Tuesday Terror! The Man Who Went Too Far by EF Benson

If you go down to the woods today…

Having been cooped up inside for so long, the porpy and I thought it would be nice to go for a little walk in the woods. This week’s story comes from Weird Woods, edited by John Miller, a new anthology in the British Library’s Tales of the Weird series…

The Man Who Went Too Far
by EF Benson

EF Benson

The little village of St. Faith’s nestles in a hollow of wooded hill up on the north bank of the river Fawn in the country of Hampshire, huddling close round its grey Norman church as if for spiritual protection against the fays and fairies, the trolls and “little people,” who might be supposed still to linger in the vast empty spaces of the New Forest, and to come after dusk and do their doubtful businesses.

At the end of the village is a little house, where an artist, Frank, has come to live in isolation, communing with nature. Today, however, he is awaiting the arrival of an old friend, Darcy, whom he has not seen for several years. But when Darcy sees him, he is astonished at his appearance…

“Frank!” he exclaimed.
“Yes, that is my name,” he said, laughing; “what is the matter?”
Darcy took his hand.
“What have you done to yourself?” he asked. “You are a boy again.”

It’s not simply Frank’s physical appearance that has changed, though. He seems to have become all mystical, and has developed an uncanny intimacy with nature and all her offspring…

He paused on the margin of the stream and whistled softly. Next moment a moor-hen made its splashing flight across the river, and ran up the bank. Frank took it very gently in his hands and stroked its head, as the creature lay against his shirt.
“And is the house among the reeds still secure?” he half-crooned to it. “And is the missus quite well, and are the neighbours flourishing? There, dear, home with you,” and he flung it into the air.

Later, they talk, and Frank explains that…

“…when I left London, abandoned my career, such as it was, I did so because I intended to devote my life to the cultivation of joy, and, by continuous and unsparing effort, to be happy.”

He had found humanity to be too Puritan, too downright dismal, to enable him to find joy among them.

“So I took one step backwards or forwards, as you may choose to put it, and went straight to Nature, to trees, birds, animals, to all those things which quite clearly pursue one aim only, which blindly follow the great native instinct to be happy without any care at all for morality, or human law or divine law.”

Darcy is a bit cynical about all this, but he looks at Frank’s youthful, joyous face and wonders. Frank continues…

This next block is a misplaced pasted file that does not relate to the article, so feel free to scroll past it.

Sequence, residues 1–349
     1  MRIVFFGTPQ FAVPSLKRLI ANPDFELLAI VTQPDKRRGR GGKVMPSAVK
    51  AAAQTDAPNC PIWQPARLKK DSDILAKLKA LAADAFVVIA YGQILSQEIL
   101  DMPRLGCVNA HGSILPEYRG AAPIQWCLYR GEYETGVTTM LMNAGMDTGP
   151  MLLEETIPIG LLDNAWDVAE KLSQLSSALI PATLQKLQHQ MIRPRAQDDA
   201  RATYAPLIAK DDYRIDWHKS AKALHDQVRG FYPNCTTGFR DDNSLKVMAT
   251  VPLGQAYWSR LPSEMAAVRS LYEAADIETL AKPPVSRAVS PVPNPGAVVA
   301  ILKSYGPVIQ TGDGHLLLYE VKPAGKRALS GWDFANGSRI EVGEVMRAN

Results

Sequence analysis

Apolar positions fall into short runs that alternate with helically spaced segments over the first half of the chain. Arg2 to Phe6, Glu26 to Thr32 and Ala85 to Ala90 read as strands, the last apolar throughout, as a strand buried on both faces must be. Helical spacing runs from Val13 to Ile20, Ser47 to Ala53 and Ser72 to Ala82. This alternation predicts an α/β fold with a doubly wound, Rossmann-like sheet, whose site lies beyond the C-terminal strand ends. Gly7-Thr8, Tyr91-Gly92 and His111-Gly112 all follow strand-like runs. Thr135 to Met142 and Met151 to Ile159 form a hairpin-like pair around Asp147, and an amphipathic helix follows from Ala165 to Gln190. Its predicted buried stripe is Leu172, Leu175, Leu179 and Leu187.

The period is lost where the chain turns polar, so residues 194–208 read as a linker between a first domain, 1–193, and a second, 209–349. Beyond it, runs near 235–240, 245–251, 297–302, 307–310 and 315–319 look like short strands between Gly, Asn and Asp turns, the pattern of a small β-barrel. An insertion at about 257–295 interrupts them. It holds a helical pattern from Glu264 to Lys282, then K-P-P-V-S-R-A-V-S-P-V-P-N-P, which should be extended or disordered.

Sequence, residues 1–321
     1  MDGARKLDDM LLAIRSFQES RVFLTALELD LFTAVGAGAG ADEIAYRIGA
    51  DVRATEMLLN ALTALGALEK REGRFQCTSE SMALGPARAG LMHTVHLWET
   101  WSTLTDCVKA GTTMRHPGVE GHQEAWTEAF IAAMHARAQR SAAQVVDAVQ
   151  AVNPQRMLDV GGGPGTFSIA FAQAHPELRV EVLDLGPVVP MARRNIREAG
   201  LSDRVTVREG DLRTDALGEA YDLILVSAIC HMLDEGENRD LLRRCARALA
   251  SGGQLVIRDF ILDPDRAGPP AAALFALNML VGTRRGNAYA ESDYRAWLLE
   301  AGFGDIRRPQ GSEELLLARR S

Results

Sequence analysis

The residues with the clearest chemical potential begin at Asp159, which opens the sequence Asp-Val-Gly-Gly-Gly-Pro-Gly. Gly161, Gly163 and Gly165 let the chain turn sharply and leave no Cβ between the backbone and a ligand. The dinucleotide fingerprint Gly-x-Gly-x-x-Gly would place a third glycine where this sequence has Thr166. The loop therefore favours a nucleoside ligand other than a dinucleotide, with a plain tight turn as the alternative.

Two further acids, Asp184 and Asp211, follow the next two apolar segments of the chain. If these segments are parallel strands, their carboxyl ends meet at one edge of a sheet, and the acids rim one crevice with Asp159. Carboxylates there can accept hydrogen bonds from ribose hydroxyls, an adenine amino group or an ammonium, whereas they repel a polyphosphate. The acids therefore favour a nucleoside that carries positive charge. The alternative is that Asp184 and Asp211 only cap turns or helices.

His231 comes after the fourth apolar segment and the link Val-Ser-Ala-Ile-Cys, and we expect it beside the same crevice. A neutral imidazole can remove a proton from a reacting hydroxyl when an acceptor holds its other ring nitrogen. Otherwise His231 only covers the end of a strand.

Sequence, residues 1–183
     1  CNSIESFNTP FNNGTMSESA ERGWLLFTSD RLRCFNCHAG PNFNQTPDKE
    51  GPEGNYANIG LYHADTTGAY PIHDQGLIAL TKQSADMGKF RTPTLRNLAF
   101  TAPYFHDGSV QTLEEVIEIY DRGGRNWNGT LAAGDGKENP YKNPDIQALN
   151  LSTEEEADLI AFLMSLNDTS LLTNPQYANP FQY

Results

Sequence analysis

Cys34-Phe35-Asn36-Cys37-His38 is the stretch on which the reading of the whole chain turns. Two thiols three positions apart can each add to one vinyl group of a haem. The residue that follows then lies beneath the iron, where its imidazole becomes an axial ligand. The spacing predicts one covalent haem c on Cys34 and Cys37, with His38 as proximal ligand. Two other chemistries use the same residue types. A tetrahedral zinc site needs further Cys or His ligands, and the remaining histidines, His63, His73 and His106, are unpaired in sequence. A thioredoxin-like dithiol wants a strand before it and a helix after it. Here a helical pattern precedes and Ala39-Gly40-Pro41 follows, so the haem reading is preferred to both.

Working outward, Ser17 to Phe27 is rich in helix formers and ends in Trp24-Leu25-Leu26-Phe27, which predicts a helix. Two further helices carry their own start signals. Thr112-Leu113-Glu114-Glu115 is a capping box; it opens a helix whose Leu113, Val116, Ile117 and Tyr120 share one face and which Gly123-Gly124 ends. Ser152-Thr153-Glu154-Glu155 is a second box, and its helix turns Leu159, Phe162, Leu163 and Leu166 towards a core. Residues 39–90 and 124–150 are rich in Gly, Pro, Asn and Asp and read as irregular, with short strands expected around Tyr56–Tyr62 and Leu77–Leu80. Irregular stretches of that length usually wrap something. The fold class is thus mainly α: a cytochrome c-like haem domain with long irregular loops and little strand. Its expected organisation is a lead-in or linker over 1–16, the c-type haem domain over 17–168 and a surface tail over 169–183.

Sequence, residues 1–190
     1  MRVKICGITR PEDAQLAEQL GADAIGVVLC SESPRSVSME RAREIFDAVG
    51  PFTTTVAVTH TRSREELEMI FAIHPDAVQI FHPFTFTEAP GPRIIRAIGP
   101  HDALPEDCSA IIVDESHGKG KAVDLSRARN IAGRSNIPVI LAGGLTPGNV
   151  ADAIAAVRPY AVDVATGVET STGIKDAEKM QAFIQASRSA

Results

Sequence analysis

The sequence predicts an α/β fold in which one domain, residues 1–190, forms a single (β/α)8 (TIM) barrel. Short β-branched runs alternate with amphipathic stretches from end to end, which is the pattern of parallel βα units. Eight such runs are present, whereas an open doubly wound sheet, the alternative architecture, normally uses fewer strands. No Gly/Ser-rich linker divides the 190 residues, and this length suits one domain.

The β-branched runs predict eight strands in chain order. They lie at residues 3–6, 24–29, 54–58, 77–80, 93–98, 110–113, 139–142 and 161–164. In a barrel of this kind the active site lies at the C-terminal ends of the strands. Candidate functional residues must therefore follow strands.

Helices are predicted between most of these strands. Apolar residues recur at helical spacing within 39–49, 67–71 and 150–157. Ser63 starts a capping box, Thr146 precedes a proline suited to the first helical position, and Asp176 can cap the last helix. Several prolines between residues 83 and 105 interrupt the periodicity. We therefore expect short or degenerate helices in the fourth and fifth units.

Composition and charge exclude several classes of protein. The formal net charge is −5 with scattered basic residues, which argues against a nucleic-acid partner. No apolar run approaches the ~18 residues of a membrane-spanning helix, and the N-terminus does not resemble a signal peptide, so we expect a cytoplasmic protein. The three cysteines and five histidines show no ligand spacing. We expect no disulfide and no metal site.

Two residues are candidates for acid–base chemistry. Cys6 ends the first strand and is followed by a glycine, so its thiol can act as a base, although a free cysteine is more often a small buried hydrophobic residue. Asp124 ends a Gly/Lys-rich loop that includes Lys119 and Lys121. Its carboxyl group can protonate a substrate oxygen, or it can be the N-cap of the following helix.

“I looked at happy things, zealously avoided the sight of anything unhappy, and by degrees a little trickle of the happiness of this blissful world began to filter into me. The trickle grew more abundant, and now, my dear fellow, if I could for a moment divert from me into you one half of the torrent of joy that pours through me day and night, you would throw the world, art, everything aside, and just live, exist.”

Eventually, one day, as he lay in a deep state of contemplation of joyfulness, he heard the sound of music, from some flute-like instrument.

“It came from the reeds and from the sky and from the trees. It was everywhere, it was the sound of life. It was, my dear Darcy, as the Greeks would have said, it was Pan playing on his pipes, the voice of Nature. It was the life-melody, the world-melody.”

And now Frank hopes that soon he will be allowed into the presence of Pan and through him learn the true meaning of life.

“Then having gained that, ah, my dear Darcy, I shall preach such a gospel of joy, showing myself as the living proof of the truth, that Puritanism, the dismal religion of sour faces, shall vanish like a breath of smoke, and be dispersed and disappear in the sunlit air.”

* * * * *

Pan seems to be a mysterious god: sometimes, as Frank thinks, a kind of pagan offshoot of the Christian religion (as he also appears a few years later in The Wind in the Willows by Kenneth Grahame); sometimes a force of ancient Satanic evil, to be avoided at all costs (as he appears earlier in The Great God Pan by Arthur Machen). Since the prologue hints at the ending, it comes as little surprise to the reader to find which version of Pan appears here! It’s the ancient forces of paganism that carry this story out of straight horror into “weird” territory.

The beginning is full of gorgeously lush descriptions of the natural world – so lush I felt Benson was overdoing it until I realised he’s deliberately showing it as an enchanted, almost fairy-tale place. But the story gradually darkens, and we see that Frank’s anti-Puritanism stance barely conceals a hedonistic, narcissistic view of life. So there’s a feeling of this being a morality tale of a kind – a dark kind. It made me briefly feel quite pro-Puritan!

The story is a little longer than usual. It took me around forty minutes to read, I think, but it was time very well spent. Here’s a link if you’d like to read it, and I found this audio version of it too online. I’ve only listened to the first minute or so, but the narrator sounds good.